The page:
First chart: US CPITwo things are worth noticing here:
- The absolutely scary rate of inflation since the end of WWII through today, and
- The absolutely scary length of deflationary periods.
In general, there were 3 periods of persistent deflation since 1774. These are plotted in the chart below.
Guess what - all three lasted more than 14 years before bottoming out and two managed to last 29 and 32 years. Scary stuff, if you believe deflation is bad.
Now, consider the real cost of unskilled labour over time. Chart below plots the time series since 1774, showing that starting with the late stages of the Great Depression on through roughly early 1970s the real (CPI-deflated) cost of unskilled labour was rising at an unprecedented rate. This cost peaked in the early 1980s and fell into the early 1990s. Ironically, as President Clinton battled the harbinger of the 'Giant Sucking Sound from the South' - Ross Perot - in US Presidential elections, the unskilled labourers of America were about to get a boost in their wages. The cost of unskilled labour has risen since 1994 through 2003 - just as the US economy was evolving skills-intensive sectors (IT and finance) and expanding trade with Mexico. Irony has it - the period of active low-skilled jobs creation of 2003-2007 (construction boom) saw real wages of the same fall!
Looking at the raw (nominal) cost of unskilled labour, there is a clear pattern of correlation between the wages of the lowest earners and the CPI. Chart below illustrates. Again, really dramatic stuff is the rate of rise in the nominal cost of labour that takes place from the late 1960s through today.
Scatter plot below shows the same in more detail. There are 2 clear periods in the US history in the relationship between inflation and unskilled labourers real wages. The first period - 1774 through roughly 1969/1970 is the period of a positive relationship, with real wages rising at a faster rate than CPI. Of course, this is the age of industrial might of the US. Post 1970, the relationship is that of a gently declining real unskilled wages relative to CPI.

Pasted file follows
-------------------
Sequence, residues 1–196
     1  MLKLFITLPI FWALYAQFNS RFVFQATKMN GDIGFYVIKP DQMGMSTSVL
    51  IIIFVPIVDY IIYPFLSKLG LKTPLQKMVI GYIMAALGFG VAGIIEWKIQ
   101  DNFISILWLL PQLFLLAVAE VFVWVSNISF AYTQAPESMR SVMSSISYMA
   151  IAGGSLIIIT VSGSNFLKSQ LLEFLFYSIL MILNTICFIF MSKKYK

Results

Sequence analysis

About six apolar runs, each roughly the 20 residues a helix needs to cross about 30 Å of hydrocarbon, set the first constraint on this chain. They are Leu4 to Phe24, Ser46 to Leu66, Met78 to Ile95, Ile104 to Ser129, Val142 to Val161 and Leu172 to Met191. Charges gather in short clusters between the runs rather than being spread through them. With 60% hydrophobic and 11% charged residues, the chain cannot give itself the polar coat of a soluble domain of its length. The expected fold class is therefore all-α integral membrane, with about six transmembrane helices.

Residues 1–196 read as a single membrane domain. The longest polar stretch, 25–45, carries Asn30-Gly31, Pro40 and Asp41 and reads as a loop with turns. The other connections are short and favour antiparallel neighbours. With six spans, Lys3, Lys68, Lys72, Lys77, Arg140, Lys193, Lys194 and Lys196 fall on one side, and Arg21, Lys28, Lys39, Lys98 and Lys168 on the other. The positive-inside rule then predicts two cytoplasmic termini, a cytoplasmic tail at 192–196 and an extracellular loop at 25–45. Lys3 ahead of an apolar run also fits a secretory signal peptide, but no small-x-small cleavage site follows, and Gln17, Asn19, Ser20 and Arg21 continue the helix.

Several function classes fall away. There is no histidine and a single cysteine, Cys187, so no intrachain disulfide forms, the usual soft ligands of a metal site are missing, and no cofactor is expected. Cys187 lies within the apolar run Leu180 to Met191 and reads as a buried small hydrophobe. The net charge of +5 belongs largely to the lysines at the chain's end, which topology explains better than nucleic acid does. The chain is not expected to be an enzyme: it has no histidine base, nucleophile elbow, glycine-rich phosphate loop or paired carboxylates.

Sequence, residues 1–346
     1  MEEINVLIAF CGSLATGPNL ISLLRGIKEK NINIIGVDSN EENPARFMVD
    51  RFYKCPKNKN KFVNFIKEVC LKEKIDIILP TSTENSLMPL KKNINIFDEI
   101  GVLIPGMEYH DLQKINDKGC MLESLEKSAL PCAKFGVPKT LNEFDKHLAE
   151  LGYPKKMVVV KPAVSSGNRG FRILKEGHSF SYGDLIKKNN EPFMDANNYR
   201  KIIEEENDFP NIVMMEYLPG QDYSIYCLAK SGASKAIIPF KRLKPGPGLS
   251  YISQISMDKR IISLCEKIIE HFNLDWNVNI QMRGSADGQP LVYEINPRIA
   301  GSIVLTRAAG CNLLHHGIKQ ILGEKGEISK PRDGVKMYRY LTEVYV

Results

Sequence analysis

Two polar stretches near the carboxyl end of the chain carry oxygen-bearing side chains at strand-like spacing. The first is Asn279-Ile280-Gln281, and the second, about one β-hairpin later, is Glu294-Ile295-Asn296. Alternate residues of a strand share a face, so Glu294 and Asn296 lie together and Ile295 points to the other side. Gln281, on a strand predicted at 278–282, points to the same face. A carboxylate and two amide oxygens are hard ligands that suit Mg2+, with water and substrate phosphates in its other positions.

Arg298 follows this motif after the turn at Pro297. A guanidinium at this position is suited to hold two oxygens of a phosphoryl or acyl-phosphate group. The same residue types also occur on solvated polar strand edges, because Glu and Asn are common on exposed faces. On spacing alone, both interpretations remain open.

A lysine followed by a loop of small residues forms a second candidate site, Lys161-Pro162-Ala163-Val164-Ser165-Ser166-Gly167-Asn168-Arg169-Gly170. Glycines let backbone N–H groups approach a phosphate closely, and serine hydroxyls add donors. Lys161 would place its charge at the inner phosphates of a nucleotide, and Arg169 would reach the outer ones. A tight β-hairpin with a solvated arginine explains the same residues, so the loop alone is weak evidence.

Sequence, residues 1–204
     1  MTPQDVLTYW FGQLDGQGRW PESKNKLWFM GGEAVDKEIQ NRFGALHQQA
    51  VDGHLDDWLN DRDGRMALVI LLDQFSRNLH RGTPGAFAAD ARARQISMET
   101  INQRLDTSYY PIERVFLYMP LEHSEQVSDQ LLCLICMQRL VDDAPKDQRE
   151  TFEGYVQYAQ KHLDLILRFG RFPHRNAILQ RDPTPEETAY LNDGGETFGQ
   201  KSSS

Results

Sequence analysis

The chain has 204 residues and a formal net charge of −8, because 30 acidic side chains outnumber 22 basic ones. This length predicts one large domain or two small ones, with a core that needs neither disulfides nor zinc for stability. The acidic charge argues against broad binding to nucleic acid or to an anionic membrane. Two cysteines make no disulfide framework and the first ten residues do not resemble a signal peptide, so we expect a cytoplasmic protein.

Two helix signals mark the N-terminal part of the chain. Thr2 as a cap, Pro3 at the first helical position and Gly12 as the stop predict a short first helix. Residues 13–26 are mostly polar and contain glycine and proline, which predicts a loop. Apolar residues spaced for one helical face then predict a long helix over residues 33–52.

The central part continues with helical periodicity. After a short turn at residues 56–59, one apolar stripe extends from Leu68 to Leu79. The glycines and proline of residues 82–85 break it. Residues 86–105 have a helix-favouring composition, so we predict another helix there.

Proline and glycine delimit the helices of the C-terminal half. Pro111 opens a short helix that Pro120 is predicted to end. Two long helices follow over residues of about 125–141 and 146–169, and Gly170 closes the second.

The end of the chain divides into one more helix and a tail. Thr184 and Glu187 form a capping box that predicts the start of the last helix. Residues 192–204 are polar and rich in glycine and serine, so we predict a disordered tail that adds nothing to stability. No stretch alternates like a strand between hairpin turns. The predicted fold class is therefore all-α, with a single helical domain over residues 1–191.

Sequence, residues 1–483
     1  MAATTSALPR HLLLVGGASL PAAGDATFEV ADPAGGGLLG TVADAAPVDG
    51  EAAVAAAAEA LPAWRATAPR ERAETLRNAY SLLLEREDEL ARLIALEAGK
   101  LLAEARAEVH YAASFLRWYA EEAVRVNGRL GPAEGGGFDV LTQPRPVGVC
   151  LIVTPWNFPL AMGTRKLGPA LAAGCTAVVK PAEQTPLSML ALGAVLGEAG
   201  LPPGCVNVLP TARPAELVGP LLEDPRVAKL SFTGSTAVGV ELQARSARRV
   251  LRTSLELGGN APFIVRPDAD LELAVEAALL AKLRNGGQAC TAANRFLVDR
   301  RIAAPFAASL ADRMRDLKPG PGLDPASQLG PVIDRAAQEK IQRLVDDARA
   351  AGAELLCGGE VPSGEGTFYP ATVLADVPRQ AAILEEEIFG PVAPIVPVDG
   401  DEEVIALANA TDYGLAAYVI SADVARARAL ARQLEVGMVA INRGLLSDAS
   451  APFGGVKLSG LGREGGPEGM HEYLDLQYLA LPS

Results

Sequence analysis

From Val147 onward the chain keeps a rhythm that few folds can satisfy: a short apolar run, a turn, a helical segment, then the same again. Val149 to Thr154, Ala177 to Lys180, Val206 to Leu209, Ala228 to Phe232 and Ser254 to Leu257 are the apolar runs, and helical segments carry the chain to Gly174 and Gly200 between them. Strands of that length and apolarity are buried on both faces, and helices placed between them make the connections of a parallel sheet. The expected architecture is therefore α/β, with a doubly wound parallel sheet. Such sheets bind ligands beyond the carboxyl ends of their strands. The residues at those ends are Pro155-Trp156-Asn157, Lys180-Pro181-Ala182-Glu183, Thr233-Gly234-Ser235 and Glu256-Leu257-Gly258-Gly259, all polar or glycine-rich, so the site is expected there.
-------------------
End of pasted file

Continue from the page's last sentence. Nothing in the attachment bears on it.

What about other measures of purchasing power? Taking the value of the standardized consumer bundle of goods, chart below plots the dollar cost of purchasing such a basket alongside the CPI. There is a close relationship between the two series, but in general, the value of consumer bundle underlies the CPI. Convergence of the two series is achieved in 1967-1972, to be broken down following the oil shocks of the 1970s, and then again since 2004.
The following chart highlights long-term trends in the co-movements between the cost of unskilled labour and the cost of the consumption bundle. As with real unskilled labour wages vs CPI, there are broadly speaking two distinct periods in the relationship between the wages and consumption costs. In the period prior to 1970 increases in wages outpaced the rise in the cost of consumer basket. Since 1970, however, the relationship reversed, with wages rising, while the cost of consumer basket falling.Hence, overall, although real wages have declined in the recent years, the average consumption basket cost has declined faster than the unskilled labour costs. This implies that while wage disparity between the skilled and unskilled labourers (the driver of the CPI) might have risen, the unskilled labourers are still better off today than ever before, thanks to the WalMart effect of driving down the cost of the average consumption bundle.
The chart below plots the awesome power of value destruction in the US dollar purchasing power.
These charts present an interesting evolution of the US economy, from my point of view. They also suggest that:
- The current deflationary period might last much longer than many of us, including myself, anticipate, although there is an added component to the above equation - the role of the exchange rates. Should dollar appreciate from its currently relatively low levels, the international dimension of the US deflation will be erased.
- The inflationary trend - measured either as a function of CPI, or a function of PPP, is unlikely to reverse from its long-run upward trend.